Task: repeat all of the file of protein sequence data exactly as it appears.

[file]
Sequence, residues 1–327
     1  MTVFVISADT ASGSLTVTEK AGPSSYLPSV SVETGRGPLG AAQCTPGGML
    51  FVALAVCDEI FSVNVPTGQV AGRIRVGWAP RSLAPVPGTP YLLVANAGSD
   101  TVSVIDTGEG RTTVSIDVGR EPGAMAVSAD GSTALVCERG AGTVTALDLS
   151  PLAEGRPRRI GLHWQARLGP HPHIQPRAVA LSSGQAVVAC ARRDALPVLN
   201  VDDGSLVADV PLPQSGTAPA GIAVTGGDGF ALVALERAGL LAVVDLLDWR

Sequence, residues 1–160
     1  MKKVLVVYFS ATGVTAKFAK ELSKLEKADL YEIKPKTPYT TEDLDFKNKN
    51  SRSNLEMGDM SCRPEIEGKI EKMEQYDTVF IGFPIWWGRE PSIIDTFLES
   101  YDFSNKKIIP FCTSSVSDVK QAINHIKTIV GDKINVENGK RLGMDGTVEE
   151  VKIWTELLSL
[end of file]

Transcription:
Sequence, residues 1–327
     1  MTVFVISADT ASGSLTVTEK AGPSSYLPSV SVETGRGPLG AAQCTPGGML
    51  FVALAVCDEI FSVNVPTGQV AGRIRVGWAP RSLAPVPGTP YLLVANAGSD
   101  TVSVIDTGEG RTTVSIDVGR EPGAMAVSAD GSTALVCERG AGTVTALDLS
   151  PLAEGRPRRI GLHWQARLGP HPHIQPRAVA LSSGQAVVAC ARRDALPVLN
   201  VDDGSLVADV PLPQSGTAPA GIAVTGGDGF ALVALERAGL LAVVDLLDWR

Sequence, residues 1–160
     1  MKKVLVVYFS ATGVTAKFAK ELSKLEKADL YEIKPKTPYT TEDLDFKNKN
    51  SRSNLEMGDM SCRPEIEGKI EKMEQYDTVF IGFPIWWGRE PSIIDTFLES
   101  YDFSNKKIIP FCTSSVSDVK QAINHIKTIV GDKINVENGK RLGMDGTVEE
   151  VKIWTELLSL